I think it's pretty safe to say that theatre is the only place where sequels never work.
Think about it: Can you name one sequel -- or, for that matter, prequel or spin-off -- that has not only been successful, but has actually been good? (Let's not confuse those two qualities.)
Didn't think so. (And before you mention Falsettoland, may I remind you that, originally, March of the Falsettos and Falsettoland were one show.)
What is it about sequels that doesn't coalesce when it comes to theatre? Specifically, sequels to musicals, because there have been plays that have had fairly successful additional chapters (i.e. Neil Simon's Brighton Beach Memoirs/Biloxi Blues duology, A Doll's House Part 2, and more recently, Gary: The Sequel to Titus Andronicus).
But second helpings of musicals? Not so much.
Here's why: the stories are terrible, the songs are forgettable, and too much time passes between parts one and two.
Consider the three sequels Bring Back Birdie, Annie 2, and Love Never Dies.
Bye Bye Birdie was one of the biggest Broadway blockbusters of the 1960s, but it should have followed the advice in its title and bid a fond farewell at the end of Act 2. However, as in any industry, when something is a cash cow, you sometimes go back for more of that golden goodness.
It takes a long time to write and produce a full staged musical, but in Birdie's case, it was too long. Almost 30 years passed before Bring Back Birdie made it to the stage, and Star Wars this was not; by that point, no one had any unanswered questions from the original or was clamoring for more stories about the obnoxious pop star. Those who grew up on the original, perhaps performing it in their stuffy middle school auditoriums -- and who were now adults -- realized that maybe the original wasn't actually that good after all, and even for the 1980s, felt a few of the themes to be a tad problematic. I mean, Birdie turns out to be sort of a dick, so why would audiences care about him now? It's not like the creative team was going for a Breaking Bad/Sopranos-style character redemption. Conversely, anyone too young to remember Bye Bye Birdie probably felt that a sequel wasn't worth laying out the big bucks for tickets since they didn't know the origin story.
Oh, and as much as Charles Strouse, the songwriter of both Birdies, is a legend in musical theatre, this was perhaps his most unforgettable score. Trust me, I've listened to Mayor.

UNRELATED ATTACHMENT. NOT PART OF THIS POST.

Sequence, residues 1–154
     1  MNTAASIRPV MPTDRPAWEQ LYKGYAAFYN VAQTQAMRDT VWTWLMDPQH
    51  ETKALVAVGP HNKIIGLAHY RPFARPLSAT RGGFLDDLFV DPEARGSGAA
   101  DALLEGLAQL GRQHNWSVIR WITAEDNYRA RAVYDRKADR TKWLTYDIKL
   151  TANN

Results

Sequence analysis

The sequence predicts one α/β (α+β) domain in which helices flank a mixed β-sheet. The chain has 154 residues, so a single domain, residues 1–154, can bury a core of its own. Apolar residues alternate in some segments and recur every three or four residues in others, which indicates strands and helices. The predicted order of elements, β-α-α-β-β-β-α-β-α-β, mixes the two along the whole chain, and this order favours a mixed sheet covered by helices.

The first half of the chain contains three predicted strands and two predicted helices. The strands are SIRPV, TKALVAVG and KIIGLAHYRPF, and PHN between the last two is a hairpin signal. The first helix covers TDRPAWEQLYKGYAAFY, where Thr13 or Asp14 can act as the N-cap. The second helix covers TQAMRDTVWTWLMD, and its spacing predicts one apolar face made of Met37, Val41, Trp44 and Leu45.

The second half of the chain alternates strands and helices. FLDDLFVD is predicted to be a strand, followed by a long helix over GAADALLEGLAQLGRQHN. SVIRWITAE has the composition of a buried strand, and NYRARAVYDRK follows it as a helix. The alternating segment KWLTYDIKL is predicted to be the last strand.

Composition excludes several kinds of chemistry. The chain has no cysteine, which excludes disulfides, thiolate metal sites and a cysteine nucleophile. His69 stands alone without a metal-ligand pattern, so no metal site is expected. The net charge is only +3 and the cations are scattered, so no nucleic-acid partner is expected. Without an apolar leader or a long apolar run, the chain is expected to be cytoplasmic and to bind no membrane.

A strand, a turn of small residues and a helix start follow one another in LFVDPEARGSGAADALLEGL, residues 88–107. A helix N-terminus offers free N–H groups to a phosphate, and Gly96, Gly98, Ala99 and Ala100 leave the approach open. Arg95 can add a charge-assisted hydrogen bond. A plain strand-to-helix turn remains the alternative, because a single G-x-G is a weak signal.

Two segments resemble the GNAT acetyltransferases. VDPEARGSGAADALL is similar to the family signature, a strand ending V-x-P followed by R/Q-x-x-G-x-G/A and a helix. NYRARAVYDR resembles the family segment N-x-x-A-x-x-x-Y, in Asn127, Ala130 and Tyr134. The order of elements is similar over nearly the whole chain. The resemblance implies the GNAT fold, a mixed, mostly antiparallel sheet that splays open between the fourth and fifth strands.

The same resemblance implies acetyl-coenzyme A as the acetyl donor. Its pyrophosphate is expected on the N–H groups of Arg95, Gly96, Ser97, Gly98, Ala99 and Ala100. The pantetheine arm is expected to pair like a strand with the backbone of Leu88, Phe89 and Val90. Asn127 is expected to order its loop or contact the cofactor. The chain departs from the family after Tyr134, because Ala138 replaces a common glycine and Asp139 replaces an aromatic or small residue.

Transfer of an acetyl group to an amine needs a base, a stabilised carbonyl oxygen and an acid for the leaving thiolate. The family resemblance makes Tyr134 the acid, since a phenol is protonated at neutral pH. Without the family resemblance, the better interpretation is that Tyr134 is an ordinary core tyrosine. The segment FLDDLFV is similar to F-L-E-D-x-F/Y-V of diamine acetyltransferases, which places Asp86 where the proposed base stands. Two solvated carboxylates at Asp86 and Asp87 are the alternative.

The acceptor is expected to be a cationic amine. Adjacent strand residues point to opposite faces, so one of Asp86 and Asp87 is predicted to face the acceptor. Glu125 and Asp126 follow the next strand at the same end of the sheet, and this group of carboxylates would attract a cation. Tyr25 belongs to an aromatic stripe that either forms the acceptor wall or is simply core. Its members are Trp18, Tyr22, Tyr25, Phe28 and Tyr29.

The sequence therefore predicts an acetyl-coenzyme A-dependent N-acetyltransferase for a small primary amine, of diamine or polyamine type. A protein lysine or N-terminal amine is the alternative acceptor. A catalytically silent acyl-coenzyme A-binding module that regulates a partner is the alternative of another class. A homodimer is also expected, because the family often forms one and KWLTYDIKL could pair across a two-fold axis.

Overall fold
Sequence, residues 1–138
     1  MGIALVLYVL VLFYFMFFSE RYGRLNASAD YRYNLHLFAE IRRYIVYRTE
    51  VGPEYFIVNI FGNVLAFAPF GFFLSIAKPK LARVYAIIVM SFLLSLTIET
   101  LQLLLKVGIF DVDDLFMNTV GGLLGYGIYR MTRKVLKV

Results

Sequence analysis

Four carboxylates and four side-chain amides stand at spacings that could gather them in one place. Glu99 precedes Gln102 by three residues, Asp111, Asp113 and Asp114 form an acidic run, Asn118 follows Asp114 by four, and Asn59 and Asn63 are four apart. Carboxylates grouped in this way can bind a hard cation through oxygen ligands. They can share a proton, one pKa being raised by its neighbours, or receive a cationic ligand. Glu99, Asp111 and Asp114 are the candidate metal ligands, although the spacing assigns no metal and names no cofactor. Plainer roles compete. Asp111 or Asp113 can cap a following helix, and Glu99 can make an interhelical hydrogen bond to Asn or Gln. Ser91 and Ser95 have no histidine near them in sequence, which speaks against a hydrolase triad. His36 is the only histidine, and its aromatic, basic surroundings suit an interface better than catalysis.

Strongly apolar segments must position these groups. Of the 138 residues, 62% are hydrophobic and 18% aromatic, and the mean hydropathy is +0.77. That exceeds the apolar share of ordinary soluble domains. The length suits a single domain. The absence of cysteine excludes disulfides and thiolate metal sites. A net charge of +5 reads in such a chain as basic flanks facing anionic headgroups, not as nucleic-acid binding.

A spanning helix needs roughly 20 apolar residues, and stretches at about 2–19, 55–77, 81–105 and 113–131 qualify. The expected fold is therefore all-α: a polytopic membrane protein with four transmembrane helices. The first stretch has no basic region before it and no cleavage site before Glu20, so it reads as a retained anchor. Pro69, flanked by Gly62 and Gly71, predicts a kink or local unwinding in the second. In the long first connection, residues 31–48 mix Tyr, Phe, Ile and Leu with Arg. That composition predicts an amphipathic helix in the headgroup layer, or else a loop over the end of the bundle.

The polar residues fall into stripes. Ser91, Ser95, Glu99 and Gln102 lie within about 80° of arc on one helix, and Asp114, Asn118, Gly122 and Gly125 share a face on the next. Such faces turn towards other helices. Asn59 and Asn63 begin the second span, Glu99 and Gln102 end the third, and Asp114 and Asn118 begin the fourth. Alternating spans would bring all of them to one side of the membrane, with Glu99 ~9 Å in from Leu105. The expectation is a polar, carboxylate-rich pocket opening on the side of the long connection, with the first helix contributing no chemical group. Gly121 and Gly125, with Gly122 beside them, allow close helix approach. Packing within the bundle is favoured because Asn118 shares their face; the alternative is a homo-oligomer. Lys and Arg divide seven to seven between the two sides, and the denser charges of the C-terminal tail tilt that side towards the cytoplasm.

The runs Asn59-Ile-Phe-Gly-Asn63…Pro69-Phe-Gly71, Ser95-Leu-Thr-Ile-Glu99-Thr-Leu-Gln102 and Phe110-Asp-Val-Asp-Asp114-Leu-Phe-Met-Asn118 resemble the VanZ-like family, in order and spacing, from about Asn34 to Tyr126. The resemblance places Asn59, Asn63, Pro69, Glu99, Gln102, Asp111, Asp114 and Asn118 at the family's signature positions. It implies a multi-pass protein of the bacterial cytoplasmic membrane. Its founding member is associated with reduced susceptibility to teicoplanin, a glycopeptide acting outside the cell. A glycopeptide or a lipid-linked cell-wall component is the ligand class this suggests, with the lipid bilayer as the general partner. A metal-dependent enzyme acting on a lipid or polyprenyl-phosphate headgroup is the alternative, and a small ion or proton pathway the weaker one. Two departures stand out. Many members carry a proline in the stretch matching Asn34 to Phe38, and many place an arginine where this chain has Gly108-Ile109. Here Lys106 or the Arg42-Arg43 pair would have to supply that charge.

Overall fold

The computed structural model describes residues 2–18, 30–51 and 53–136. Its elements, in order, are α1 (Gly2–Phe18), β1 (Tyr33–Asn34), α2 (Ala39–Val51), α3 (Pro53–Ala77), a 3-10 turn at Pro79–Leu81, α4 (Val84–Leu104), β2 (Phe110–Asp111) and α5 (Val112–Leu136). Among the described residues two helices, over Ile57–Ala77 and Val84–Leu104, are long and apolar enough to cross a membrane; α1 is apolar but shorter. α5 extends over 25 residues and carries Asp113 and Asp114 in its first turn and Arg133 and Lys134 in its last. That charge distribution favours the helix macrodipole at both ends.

Bringing back Birdie didn't deter him, though. Only a few years later Strouse returned with Annie 2: Miss Hannigan's Revenge, which sounds like an action movie parody (and, to be clear, it wasn't). Centered on the incarcerated titular character, rather than the adorable redhead orphan, and her scheme to scam Warbucks, they bizarrely omitted her partner/brother-in-crime, The Rooster. It's therefore a surprise this got green-lit; after all, Hannigan is a fun character in small doses, but the central role in a show? Despite its flat-out failure to meet even a modicum of the original's thrall, its creators demonstrated the same pluck as Annie herself and soon reshaped it into Annie Warbucks. This time around, they completely scrapped Hannigan altogether (there goes the baby with the bathwater) and subbed in a plot line that pushed suspension of disbelief into unheard of territories; in order for Warbucks to keep Annie as his adopted daughter, he had to get married. Poor Grace Farrell, pressured into marriage to a bit of a lout just to save Annie.
Even though this iteration of the show was slightly more successful than its predecessor, it was a huge loss, especially for Strouse, who this time wrote some pretty good songs for it ("Above the Law," "The Other Woman," and an overlooked gem, "Love") that deserved a better show.
Bring Back Birdie and Annie 2 might have had a few problems, but Love Never Dies -- the sequel to The Phantom of the Opera -- fell victim to all of the missteps for Broadway musicals. And then some!
For many theatre-lovers, you can't do much better than Phantom; the story and the music come together in just the right way to form a near-perfect musical. It's head-scratching, then, that 24 years after its first Broadway bow, Andrew Lloyd Webber and company went back to the well. They would soon find out it had run dry, basing this far subpar sequel on the novel The Phantom of Manhattan. Much like Bye Bye Birdie, the end of Phantom was satisfying. Mysterious? Yes. Leaves the audience wanting more? Yes. But that doesn't mean they should get more. It's not like Webber was hurting for income, even though his last few forays (The Woman in White and Whistle Down the Wind) ) had not been box office winners. When Love Never Dies was DOA, he must have been in a bit of a panic.
The only reason I can explain why Love Never Dies was given life was that the creative team saw Phantom's unending existence on Broadway, thus assuming audiences couldn't get enough of the masked man. Where they erred was that crowds just wanted more of the original they'd either seen before or grown up hearing about, not a fan-fiction imitation.
Since the demise of Love Never Dies, the nail has stayed in the coffin of Broadway musical sequels. That may not continue to be the case, though, as The Greatest Showman is prepping not only a Broadway version but a film sequel. (I sense this won't suffer the same fate as the aforementioned shows since it was originally a movie.)
Broadway producers (with the exception of Bialystock and Bloom) can take the following lesson from these failed experiments: When a show is beloved by millions, leave it alone. We'd much rather revisit our favorite characters in their original time and place, even if it's the same old song-and-dance.